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I need to draw a commutative diagram having drawings as objects, like in this link which is also shown below.

enter image description here

I have some problems:

  1. xy-pic "slants" the objects;
  2. "matrix" library in TiKZ is not happy to have other TiKZ commands in the matrices I wnat to draw.

What can I do? This is a tentative answer to my problem:

\filldraw[lightgray] (0,0) -- (2,0) -- (2,1) -- (0,1) -- cycle;
\draw (0,0) -- (2,0);
\draw (0,1) -- (2,1);
\end{tikzpicture} \ar@{->>}[r]
\draw[fill=lightgray] (0,0) ellipse (.5cm and .25cm);
\filldraw[lightgray] (-.5,0) -- (.5,0) -- (.5, .6) -- (-.5, .6) -- cycle;
\draw (-.5,0) -- (-.5, .6);
\draw (.5,0) -- (.5, .6);
\draw[fill=lightgray,yshift=.6cm] (0,0) ellipse (.5cm and .25cm);

as you can see the arrow is "too low".

share|improve this question
Sorry, I thought I linked it at the right page (27)... maybe the "#page=35" part can't be read by browser different from Chrome? – Fosco Loregian May 27 '12 at 18:23
you can place nodes without matrix library. – Ignasi May 27 '12 at 18:25
I know, but I was wondering if there are some well-written solutions to this (quite natural if you handle geometric topology ;) ) problem... – Fosco Loregian May 27 '12 at 18:27
You should be able to draw inside a TikZ matrix. See page 202 (introduction to matrices) in the manual. – Caramdir May 27 '12 at 19:05
Did I include the right image? Also matrix library is quite cooperative, what kind of difficulty did you have before? – percusse May 27 '12 at 20:05

You can use tikz-cd. It is the tikz analog to xy-matrix, it easy to use, and it is reasonably flexible. Here is an example:





    \pgfuseimage{image-name} \rar[start anchor=real east] & \node[draw,circle]{A};


Note that you need to modify the anchors of the arrows (where the arrows begin and end) since the anchors of the nodes in tikz-cd are shifted for technical reasons (cf. Sec. 3.3 in the package's manual). The circle on the left is a node as defined by tikz-cd, hence adjustment is necessary. The other is a normal node, so no adjustment is necessary.

Also, note that you can use pgf to include your drawings from separate files (since it seems you use several). This has the advantage that each image is included just once in the PDF file and it can be used many times without increasing the size of the file a lot.

Edit: Example


Replace the polygons with fancier graphics, and you can get very nice diagrams with very simple code:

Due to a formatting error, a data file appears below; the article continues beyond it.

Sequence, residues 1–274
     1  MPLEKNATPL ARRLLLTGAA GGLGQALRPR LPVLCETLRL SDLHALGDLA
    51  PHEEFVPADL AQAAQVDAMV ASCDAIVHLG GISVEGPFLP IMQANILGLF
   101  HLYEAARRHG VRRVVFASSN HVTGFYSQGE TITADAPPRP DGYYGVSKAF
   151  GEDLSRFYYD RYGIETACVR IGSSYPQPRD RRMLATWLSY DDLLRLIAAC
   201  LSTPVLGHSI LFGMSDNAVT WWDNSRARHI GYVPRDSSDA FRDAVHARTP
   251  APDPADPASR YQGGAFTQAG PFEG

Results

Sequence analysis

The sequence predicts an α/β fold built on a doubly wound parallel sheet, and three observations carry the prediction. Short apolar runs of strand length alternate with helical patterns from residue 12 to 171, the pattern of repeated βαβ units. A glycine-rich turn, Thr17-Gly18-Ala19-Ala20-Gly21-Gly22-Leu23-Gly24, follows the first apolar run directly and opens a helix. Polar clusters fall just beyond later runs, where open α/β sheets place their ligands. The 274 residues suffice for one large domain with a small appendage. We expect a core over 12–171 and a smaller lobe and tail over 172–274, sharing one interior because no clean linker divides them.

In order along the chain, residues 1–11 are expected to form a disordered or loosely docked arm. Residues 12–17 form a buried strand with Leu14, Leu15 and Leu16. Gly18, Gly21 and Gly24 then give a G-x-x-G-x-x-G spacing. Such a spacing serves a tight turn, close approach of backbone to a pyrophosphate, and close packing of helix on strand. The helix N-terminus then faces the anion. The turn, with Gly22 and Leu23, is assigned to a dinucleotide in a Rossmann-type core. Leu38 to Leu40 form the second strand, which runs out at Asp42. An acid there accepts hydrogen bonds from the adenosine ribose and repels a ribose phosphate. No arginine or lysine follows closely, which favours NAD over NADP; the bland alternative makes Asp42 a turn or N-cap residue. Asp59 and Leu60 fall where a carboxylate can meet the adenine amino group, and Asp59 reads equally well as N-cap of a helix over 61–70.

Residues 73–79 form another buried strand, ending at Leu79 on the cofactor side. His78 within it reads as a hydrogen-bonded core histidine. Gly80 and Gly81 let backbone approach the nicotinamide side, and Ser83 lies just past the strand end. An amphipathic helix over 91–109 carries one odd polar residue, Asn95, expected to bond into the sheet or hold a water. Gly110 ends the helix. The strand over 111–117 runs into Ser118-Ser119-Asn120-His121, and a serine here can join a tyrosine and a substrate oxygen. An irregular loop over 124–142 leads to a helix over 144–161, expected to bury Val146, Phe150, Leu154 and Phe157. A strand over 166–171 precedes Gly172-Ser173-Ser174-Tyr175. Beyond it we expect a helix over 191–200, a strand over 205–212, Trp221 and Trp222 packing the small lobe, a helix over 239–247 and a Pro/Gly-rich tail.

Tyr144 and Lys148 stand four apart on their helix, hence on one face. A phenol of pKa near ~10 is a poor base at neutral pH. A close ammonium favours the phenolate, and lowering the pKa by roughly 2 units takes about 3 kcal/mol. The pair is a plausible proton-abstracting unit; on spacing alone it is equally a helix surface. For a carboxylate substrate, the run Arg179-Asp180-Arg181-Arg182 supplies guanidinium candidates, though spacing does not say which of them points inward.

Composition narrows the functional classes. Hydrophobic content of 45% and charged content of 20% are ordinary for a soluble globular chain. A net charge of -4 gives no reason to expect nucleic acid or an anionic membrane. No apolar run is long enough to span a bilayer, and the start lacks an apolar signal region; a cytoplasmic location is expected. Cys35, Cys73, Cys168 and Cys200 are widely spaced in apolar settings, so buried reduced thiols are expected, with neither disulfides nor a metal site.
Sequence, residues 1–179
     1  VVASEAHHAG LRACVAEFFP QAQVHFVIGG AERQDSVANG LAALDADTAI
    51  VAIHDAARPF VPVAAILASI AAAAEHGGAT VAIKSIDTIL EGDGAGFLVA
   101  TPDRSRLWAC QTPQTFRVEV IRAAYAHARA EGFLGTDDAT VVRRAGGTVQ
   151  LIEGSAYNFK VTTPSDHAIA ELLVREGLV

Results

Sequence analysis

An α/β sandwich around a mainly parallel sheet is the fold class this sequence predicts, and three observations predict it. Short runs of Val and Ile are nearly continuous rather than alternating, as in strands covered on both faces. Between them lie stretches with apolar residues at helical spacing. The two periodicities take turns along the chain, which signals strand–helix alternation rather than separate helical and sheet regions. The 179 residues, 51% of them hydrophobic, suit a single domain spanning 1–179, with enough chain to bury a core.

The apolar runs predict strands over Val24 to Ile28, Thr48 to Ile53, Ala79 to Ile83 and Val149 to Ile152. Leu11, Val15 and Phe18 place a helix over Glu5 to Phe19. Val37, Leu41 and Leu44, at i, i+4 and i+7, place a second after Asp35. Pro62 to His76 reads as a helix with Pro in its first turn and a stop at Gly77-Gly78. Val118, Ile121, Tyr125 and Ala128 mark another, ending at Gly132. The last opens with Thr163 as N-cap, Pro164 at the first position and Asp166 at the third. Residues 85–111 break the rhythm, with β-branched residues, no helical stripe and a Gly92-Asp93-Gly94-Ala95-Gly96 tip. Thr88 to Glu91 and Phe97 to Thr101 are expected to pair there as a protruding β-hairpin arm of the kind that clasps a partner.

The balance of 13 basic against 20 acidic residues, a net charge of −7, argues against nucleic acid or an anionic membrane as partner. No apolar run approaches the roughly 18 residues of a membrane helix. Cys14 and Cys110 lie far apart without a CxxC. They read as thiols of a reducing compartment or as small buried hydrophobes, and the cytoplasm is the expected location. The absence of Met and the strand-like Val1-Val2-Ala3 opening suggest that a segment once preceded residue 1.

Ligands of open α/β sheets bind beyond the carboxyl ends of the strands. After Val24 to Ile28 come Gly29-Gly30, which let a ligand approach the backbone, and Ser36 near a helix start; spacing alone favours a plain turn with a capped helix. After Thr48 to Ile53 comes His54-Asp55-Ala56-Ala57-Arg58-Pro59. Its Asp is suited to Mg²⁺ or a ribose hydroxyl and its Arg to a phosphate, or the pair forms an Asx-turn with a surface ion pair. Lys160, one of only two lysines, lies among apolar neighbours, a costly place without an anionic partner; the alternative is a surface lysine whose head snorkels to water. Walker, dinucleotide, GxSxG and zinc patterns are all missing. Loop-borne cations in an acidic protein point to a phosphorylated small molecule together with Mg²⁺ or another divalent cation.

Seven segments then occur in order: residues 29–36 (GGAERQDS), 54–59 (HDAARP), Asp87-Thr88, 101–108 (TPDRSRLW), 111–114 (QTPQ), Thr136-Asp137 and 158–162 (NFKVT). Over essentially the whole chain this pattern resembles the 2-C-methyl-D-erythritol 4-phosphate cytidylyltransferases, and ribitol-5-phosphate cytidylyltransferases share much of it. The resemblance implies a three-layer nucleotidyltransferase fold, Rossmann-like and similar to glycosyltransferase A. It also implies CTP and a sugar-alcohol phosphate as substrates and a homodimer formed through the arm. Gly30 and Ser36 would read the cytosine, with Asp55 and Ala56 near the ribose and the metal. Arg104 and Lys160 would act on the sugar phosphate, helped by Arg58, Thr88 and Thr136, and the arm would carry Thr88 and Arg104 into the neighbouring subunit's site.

\usetikzlibrary{shapes} % to draw polygons


  \node[draw,regular polygon, regular polygon sides=5]{}; \rar{\varphi}
  \drar \arrow[bend right=50]{d} &
  \node[draw,circle]{}; \dlar[crossing over] \\
  \node[draw,regular polygon, regular polygon sides=6]{}; \arrow{r}[description]{\psi} &


Also, I want to stress what I wrote in one comment, tikz-cd changes the arrows parameters (only in diagrams of course) for the arrows to look exactly as the arrows from the amsmath package. Very important...

share|improve this answer
If you have the inner pictures, you don't need tikz-cd anyway. You can just use path-picture option on a node. Also tikz-cd loads TikZ so there is no need to load pgf. – percusse Aug 3 '12 at 18:37
It seems that if you don't load pgf explicitely you cannot use the command \pgfuseimage, at least in my installation. – Gustavo Aug 3 '12 at 19:04
Also, for the case-use of the OP, tikz-cd seems as a good choice since it provides an easy-to-use front-end to pgf/tikz for example to add labels and descriptions to arrows, cross-overs, control the curvature of the arrows and so on... But perhaps one of the nicests things it is that it modifies the parameters of the default arrows to make them exactly like the arrows from the amsmath package. I will add a more complicated example to show what I mean. – Gustavo Aug 3 '12 at 19:08
@percusse Actually, I was mistaken. Apparently my problem with the undefined command appeared because of loading pgf... Thanks, I have corrected my answer. – Gustavo Aug 3 '12 at 20:16
No problem, wha I meant in my slightly cocky comment is that the real challenge is to make readily made nodes that have those curves inside them for frequent use (at least that's how I read the question) otherwise you can't change the line width, color etc. (if you ever want that). Otherwise you solution is the practical way to go. – percusse Aug 3 '12 at 20:32

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